At the same time, when Paul uses the term ‘children of God’ he associates our identity in Christ with anything but childish states of being. He talks about not being enslaved in fear. He talks about living with suffering. These are realities, not fantasies, born of a life lived and experienced and embraced with the good and the bad.

Being a child of God doesn’t give us license to behave childishly. Being a child of God doesn’t give us license to behave irresponsibly, shifting authority and blame for one’s actions to someone else.

Two aspects of being an adult in Christ I want to underscore. First, it is to pay attention to our own desires, not denying them. Paul writes that the Spirit of God speaks to our own spirit. “It is that very Spirit bearing witness with our spirit that we are children of God.” We have a human spirit. And God speaks through the deep desires and longings of our hearts. Unfortunately, whether we realize it or not, we use the identity of ‘child of God’ to deny our very human needs and desires. When we do so, are we not blocking God’s way of speaking to our hearts?

Saint Irenaeus, second century bishop of Lyons,  France, said that the ‘glory of God is a human being fully alive.’ God speaks through our very humanity. What gives us joy. What causes us pain. What is good and right. Our small ‘s’ spirit within us is the very thing God’s big ‘S’ Spirit connects with. The Psalmist paints an image of how God communicates with creation: “Deep calls to deep”.[5]We are part of, and participate in, the divine equation.

This divine relationship, from deep to deep, needs containment nonetheless. This is the second aspect of being an adult in Christ. Here, we turn to the words of Rev. Michael Curry, presiding bishop of the Episcopalian Church in America. You might remember his famous sermon he preached at the royal wedding just over a year ago. In it, he talks about fire—the primary symbol of Pentecost—harnessing the incredible power of love.

He said that the harnessing of fire was one of the great scientific and technological discoveries in all of human history.

‘Fire to a great extent made human civilization possible. Fire made it possible to cook food and to provide sanitary ways of eating which reduced the spread of disease in its time.

‘Fire made it possible to heat environments and thereby made human migration around the world a possibility, even into colder climates.Fire made it possible—there was no Bronze Age without fire, no Iron Age without fire, no Industrial Revolution without fire.

‘The advances of fire and technology are greatly dependent on the human ability and capacity to take fire and use it for human good.

‘Anybody get here in a car today? Fire—the controlled, harnessed fire—made that possible.Controlled fire in a plane gets us across this world. Fire makes it possible for us to text and tweet and email and Instagram and Facebook, and socially be dysfunctional with each other’ and act like children!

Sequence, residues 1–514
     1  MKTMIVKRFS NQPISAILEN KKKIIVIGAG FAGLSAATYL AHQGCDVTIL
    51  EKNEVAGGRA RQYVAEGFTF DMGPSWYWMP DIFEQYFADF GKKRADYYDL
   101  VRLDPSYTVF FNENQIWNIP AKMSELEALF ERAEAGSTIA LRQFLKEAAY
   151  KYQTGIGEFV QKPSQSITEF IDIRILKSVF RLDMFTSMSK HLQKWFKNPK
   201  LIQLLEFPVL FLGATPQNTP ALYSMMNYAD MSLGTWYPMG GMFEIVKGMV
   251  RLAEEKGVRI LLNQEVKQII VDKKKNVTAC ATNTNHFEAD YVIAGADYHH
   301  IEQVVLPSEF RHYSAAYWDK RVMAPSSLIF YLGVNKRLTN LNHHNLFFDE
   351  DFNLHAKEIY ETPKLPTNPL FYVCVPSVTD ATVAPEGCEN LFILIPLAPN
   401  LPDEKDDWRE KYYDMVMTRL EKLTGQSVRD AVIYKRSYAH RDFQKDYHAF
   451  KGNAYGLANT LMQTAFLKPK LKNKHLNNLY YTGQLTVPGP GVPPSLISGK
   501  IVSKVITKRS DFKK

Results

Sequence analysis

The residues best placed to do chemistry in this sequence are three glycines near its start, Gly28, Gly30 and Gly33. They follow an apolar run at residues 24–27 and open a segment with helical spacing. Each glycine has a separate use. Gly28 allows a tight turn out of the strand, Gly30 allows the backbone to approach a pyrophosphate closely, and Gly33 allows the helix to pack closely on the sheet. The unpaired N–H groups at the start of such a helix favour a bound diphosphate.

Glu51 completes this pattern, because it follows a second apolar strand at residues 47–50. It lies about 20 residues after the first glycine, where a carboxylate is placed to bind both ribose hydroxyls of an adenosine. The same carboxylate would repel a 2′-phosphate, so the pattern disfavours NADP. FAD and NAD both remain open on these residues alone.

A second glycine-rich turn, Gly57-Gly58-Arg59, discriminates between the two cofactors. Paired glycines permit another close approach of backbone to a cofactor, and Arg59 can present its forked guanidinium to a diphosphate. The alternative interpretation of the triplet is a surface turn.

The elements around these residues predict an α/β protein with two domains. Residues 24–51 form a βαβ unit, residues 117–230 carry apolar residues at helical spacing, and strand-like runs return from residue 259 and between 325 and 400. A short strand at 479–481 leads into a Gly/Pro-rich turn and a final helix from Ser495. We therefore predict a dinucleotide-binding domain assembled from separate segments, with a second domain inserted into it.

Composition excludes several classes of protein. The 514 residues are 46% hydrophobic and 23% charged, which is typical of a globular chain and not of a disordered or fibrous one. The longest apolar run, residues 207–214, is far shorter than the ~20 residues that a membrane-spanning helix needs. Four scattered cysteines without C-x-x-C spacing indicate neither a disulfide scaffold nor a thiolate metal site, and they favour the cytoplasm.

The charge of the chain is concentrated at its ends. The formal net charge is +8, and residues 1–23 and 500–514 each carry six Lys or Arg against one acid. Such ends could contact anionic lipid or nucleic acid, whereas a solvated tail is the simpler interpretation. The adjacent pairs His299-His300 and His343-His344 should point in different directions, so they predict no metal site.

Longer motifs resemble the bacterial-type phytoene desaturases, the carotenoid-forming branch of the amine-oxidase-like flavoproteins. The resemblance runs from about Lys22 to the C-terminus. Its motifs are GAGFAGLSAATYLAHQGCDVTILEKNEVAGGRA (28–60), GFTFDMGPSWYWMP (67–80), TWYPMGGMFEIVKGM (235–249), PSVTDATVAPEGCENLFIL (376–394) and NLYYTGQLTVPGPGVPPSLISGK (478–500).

Fire makes all of that possible. Indeed, fire was one of the greatest discoveries in all of human history. And then Bishop Curry concluded that if humanity ever harnesses the energy of fire again, if humanity ever captures the energy of love—it will be the second time in history that we have discovered fire.

The passion, the spirit, the fire of love coming from within us needs to be contained. For it to have effect it must work within limits. The damage of forest fires and bombs we have witnessed both literally and figuratively throughout history and in our own lives. The passion, the spirit, and the fire of love needs containment. Then when its boundaries are respected, we can discover its true and divine power.

Poet and spiritual writer Anne Lamott says it best in describing the maturing Christian, as we grow from child to adult: “Grace meets us where we are but does not leave us where it found us.” In the implication there to ‘Grow up!’, we are challenged to continue to learn how to harness the energy, joy and passion of the Spirit within us, to use for the good of all.

The message of God’s love, the sending of the Spirit of God upon the church ever since that day long ago in Jerusalem, grows us into the adults that we are created and loved to be.

 

[1]Kurt Andersen, “Forever Young: Why Are Adults Acting Like Children?” The Saturday Evening Post (June 12, 2018).

[2]“As someone concerned with Christian moral practice, I lament the infantilizing of Christians as children, without the responsibilities of adult members of the household of God,” Jane Lancaster Patterson, Commentary on Romans 8:14-17 in www.workingpreacher.org

[3]Romans 8:14-17; a reading assigned for the Day of Pentecost, Year C, Revised Common Lectionary; in four short verses, Paul uses the term ‘children’ three times.

[4]Stuart M. Brown Jr. & Christopher Vaughan, Play: How It Shapes the Brain, Opens the Imagination, and Invigorates the Soul (New York: Avery Press, 2009), p.11

[5]Psalm 42:7